- And consider inviting local community members to provide expert advice on relevant topics, or to serve on a panel as authentic audience members.
The last logistical item to consider is your group orientation for the project.
Do you want your students to work independently, or do you want your students to work in small teams?
When my students work in groups, I like to assign different roles—manager, designer, builder, reporter—so that each student is responsible for a portion of the work. By the end of the school year, I try to make sure that every student gets an opportunity to experience each role in order for them to practice different types of skills.
Step #4: Determine Student Deliverables
It can be helpful for students to submit different deliverables throughout the project so that they stay on track, and have the opportunity to receive frequent feedback.
I have found that my students are more successful when they have multiple opportunities to assess the quality and direction of their project.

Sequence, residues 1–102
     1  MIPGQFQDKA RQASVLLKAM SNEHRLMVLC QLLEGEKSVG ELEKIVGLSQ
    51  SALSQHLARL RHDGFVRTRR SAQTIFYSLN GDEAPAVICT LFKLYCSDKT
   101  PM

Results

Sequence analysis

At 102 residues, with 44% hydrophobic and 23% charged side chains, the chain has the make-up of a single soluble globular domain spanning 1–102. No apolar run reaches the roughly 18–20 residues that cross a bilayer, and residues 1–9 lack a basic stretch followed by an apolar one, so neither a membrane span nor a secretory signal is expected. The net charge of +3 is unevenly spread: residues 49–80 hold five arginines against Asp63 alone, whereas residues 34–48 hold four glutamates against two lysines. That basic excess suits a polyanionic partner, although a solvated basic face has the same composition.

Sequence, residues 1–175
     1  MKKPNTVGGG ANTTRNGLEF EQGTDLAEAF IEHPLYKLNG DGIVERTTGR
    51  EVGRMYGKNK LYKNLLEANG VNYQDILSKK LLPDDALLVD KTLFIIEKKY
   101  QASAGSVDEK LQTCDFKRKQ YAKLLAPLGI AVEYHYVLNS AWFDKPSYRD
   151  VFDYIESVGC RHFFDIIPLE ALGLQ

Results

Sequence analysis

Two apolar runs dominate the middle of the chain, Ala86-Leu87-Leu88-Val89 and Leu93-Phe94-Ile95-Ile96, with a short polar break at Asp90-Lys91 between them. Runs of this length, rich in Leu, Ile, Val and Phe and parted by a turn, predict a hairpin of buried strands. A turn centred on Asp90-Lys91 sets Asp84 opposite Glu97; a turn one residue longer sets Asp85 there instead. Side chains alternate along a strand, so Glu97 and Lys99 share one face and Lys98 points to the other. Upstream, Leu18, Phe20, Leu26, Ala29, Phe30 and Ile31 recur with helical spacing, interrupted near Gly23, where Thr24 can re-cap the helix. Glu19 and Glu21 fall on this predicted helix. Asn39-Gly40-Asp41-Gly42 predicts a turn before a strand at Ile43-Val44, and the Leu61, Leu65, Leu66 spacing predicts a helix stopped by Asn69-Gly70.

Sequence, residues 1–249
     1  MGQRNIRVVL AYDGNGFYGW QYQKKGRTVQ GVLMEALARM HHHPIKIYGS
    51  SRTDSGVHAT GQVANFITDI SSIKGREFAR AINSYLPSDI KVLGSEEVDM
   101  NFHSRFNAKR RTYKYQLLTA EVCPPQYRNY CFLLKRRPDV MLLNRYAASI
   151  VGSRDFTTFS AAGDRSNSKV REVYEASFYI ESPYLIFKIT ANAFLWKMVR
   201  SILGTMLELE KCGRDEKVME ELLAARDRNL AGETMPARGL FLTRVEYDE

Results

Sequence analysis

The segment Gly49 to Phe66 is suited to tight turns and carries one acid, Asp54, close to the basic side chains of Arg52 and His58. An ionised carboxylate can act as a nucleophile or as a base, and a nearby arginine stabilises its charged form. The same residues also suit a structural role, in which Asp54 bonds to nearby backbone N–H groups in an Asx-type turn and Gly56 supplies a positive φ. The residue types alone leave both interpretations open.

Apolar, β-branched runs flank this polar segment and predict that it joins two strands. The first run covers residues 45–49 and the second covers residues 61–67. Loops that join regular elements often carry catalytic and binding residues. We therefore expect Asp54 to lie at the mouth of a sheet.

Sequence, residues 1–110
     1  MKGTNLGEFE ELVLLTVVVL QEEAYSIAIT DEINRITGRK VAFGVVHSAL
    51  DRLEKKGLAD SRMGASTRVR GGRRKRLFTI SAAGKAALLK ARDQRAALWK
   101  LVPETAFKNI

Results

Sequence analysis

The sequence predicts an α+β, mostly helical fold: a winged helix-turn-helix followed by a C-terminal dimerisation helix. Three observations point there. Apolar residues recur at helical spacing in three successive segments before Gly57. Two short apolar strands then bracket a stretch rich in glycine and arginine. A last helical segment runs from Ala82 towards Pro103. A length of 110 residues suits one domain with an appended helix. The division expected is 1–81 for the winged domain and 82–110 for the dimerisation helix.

The first deliverable that I have my students submit is their “driving question”.
I like this terminology because it makes me think of planning a road trip. If you don’t have a destination in mind, then you will never get there.
So, by having a driving question, it acts as the destination to their learning journey. Depending on the project, I might have students generate a driving question independently, in teams, or as a whole class.
I highly recommend using the Question Formulation Technique (QFT) in order to facilitate this process for students.
After students create a driving question, I have them create a project proposal.
The purpose of the project proposal is to provide structure for students to plan out their project. The proposal includes their driving question, learning goals, and other project logistics.
Then, I have students craft an elevator pitch that they rehearse and present to the class. For both of these deliverables, I use free templates that can be found on 20time.org and adjust them to meet the needs of my PBL unit.